Charcot-Marie-Tooth disease type 1A (CMT1A) is commonly considered a prototype of a hereditary demyelinating polyneuropathy. Apart from the myelin involvement, there has been little information on axonal membrane properties in this condition. Taking advantage of the uniform nature of the disease process, we undertook the in vivo assessment of multiple axonal excitability properties at the median nerve in nine CMT1A patients with PMP22 (peripheral myelin protein 22) gene duplication and 53 controls. The thresholds of CMT1A patients were much higher than normal, and threshold electrotonus (TE) exhibited a consistent pattern of abnormalities: early steep changes (fanning out) of both hyperpolarizing and depolarizing responses were followed by increased inward rectification to hyperpolarizing currents and unusually fast accommodation to depolarizing currents. Strength-duration time constants and the shapes of recovery cycles were normal, although refractoriness and superexcitability were reduced relative to controls. The high thresholds and early fanning out of electrotonus indicated altered cable properties, such that a greater proportion than normal of applied currents reached internodal rather than nodal axolemma. The rapid accommodation to depolarizing currents suggested activation of fast K+ channels, which are normally sequestered from the nodal membrane. The excitability abnormalities are therefore consistent with a demyelinating pathology and exposure or spread of K+ channels from under the myelin. It remains to be seen whether the TE abnormalities in CMT1A, which resemble previous recordings from normal immature rats, can be distinguished from those in acquired demyelinating neuropathies.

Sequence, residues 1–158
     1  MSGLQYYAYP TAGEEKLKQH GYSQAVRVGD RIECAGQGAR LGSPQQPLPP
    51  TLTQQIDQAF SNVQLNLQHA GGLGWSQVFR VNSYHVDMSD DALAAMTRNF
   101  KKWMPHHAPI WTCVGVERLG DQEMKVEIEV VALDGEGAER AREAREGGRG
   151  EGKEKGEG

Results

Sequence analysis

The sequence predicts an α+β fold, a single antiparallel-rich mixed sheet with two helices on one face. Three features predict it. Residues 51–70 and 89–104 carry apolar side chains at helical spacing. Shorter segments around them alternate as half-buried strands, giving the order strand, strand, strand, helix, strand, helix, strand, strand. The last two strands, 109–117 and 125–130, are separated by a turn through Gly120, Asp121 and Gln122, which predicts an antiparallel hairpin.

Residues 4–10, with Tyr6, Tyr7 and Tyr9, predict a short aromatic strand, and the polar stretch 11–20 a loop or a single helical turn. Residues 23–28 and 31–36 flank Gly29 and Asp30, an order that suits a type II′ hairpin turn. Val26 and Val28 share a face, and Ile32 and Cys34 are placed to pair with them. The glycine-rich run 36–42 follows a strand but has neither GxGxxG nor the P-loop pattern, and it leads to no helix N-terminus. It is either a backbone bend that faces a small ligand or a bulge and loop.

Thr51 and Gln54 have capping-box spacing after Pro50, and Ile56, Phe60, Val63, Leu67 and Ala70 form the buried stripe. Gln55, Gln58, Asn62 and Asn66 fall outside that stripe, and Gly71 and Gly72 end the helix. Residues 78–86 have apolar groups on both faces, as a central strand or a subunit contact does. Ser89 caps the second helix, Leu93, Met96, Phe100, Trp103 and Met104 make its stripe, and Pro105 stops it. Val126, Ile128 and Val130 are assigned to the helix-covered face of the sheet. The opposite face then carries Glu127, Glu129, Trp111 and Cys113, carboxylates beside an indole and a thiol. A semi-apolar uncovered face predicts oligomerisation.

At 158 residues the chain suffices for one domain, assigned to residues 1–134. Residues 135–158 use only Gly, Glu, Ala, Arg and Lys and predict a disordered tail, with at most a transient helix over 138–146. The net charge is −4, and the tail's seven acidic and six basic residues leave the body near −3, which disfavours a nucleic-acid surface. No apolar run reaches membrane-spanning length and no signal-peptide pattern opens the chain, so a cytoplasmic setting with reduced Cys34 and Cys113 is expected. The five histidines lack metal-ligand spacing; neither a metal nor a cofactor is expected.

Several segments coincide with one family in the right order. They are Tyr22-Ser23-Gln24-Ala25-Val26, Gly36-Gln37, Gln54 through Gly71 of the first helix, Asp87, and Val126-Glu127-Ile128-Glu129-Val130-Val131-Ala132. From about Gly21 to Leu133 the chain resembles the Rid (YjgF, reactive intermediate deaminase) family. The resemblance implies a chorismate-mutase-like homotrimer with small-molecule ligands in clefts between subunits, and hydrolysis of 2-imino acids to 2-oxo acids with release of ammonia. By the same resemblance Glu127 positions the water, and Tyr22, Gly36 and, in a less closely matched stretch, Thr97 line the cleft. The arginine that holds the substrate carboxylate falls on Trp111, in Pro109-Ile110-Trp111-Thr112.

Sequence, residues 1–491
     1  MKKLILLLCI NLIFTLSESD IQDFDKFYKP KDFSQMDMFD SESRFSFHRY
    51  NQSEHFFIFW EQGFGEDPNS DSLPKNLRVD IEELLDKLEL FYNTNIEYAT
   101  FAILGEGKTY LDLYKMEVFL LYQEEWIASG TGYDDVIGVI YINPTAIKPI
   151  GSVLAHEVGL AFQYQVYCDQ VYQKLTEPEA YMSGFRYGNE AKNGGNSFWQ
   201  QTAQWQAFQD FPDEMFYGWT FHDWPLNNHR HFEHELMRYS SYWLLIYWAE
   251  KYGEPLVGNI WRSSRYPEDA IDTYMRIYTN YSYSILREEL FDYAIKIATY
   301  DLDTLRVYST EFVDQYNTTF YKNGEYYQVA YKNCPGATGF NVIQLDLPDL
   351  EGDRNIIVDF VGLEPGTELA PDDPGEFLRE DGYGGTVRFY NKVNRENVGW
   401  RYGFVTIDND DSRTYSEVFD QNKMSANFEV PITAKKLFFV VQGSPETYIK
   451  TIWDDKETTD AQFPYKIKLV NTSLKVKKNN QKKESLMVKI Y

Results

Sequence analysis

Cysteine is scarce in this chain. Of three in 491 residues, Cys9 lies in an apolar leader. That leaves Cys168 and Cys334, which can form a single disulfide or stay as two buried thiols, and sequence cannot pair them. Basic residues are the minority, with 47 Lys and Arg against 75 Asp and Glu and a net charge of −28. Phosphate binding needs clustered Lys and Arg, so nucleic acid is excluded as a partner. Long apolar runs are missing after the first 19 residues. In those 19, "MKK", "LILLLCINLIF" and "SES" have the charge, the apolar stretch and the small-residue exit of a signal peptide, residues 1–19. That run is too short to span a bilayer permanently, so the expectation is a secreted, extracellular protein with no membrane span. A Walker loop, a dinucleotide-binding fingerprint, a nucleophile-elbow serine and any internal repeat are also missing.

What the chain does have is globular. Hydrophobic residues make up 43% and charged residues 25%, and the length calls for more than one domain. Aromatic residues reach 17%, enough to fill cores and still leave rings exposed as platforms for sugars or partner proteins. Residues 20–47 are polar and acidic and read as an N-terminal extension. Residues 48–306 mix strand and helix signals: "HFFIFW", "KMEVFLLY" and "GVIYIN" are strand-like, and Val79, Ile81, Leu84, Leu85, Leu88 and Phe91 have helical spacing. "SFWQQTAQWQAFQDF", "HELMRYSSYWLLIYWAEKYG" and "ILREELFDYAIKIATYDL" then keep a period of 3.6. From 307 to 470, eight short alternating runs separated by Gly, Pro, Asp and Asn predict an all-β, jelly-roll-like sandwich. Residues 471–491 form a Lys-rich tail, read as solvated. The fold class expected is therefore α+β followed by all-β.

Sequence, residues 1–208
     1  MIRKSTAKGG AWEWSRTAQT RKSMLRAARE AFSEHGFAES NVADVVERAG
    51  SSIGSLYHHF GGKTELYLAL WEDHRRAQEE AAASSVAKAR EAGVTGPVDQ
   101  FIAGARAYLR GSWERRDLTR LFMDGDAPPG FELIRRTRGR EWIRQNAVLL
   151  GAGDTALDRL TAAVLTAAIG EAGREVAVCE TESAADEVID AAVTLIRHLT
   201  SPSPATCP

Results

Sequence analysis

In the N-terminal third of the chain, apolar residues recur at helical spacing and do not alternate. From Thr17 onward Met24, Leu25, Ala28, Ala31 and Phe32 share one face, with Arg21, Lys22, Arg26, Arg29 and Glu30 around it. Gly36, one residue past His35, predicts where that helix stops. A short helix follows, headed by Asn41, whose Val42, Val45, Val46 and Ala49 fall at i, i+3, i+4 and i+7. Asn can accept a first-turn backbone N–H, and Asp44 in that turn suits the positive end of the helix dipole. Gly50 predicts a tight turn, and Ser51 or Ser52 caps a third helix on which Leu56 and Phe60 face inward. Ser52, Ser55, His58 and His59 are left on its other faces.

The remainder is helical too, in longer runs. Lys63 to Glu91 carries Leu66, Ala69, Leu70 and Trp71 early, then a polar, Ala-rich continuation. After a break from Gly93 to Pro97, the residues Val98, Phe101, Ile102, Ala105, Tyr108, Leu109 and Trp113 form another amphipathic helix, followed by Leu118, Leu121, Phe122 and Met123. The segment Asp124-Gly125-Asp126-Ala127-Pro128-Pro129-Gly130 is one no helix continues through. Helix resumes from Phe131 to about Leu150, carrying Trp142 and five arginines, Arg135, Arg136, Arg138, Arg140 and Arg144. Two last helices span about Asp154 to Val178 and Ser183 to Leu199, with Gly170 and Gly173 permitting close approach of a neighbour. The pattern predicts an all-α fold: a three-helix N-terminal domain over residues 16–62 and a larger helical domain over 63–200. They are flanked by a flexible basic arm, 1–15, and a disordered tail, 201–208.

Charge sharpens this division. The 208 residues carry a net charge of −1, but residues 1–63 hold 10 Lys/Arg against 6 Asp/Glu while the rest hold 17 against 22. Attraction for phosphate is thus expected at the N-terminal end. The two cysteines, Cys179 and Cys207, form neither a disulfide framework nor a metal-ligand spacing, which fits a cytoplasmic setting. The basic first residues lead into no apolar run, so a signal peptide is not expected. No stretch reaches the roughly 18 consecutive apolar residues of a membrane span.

- Charcot-Marie-Tooth disease type 1A
- Membrane properties
- Potassium channel
- Threshold tracking
ASJC Scopus subject areas